AG: Tax Authority Cannot Issue EIO without Prior Judicial Validation
25 March 2021 (updated 1 year ago) // Published in printed Issue 1/2021 p 37
2018-Max_Planck_Herr_Wahl_1355_black white_Zuschnitt.jpg Thomas Wahl

In his Opinion of 11 March 2021 in Case C-66/20 (XK / Finanzamt für Steuerstrafsachen und Steuerfahndung Münster), Advocate General (AG) Sánchez-Bordona rejects the authorisation of administrative authorities – despite exercising powers as a prosecution office in criminal tax matters – to issue a European Investigation Order (EIO) without the involvement of a judge, court or public prosecutor. Even if the tax authority performs investigative tasks, independence from the executive cannot be guaranteed due to the administrative hierarchy and the special interest in tax matters. The EIO of a national administrative authority must therefore be validated by a judge or public prosecutor in accordance with Art. 2 lit. c) ii) of Directive 2014/41/EU.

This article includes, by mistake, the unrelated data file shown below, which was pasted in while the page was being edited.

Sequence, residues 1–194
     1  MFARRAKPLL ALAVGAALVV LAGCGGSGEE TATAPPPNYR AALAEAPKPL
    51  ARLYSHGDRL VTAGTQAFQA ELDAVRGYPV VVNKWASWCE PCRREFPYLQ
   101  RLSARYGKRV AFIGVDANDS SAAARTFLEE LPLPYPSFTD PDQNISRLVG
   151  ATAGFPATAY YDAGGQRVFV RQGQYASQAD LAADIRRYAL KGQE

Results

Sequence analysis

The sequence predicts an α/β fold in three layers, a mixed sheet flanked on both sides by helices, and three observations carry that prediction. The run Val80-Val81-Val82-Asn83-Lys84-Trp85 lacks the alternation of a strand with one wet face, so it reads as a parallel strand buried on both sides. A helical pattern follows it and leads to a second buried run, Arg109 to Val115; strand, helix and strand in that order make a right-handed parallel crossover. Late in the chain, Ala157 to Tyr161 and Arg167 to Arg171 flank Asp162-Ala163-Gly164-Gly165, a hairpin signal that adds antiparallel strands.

According to the AG, the purpose of the validation procedure (as established by the EIO Directive) would be countered if a Member States could easily allow the administrative authorities belonging to the executive – by equating them with the judicial authorities – to transmit such an order which had not been validated by the judicial authorities (including the public prosecutor's office).

The AG also points out that, in Case C-452/16 PPU, the CJEU had extended the term “judicial authority” to all authorities participating in the administration of criminal justice while explicitly excluding administrative authorities that are part of the executive. In certain countries, the public prosecutor's office is also subject to individual instructions by the executive, but unlike administrative authorities – as organs of the executive – it has an autonomous status. In an investigation of tax evasion, the tax authority of Münster, Germany felt entitled to transmit an EIO requesting the search of business premises directly to an Italian public prosecutor's office, since under German law the tax authorities assume the investigative power of the public prosecutor's office.

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2018-Max_Planck_Herr_Wahl_1355_black white_Zuschnitt.jpg
Thomas Wahl

Max Planck Institute for the Study of Crime, Security and Law (MPI CSL)

Public Law Department

Senior Researcher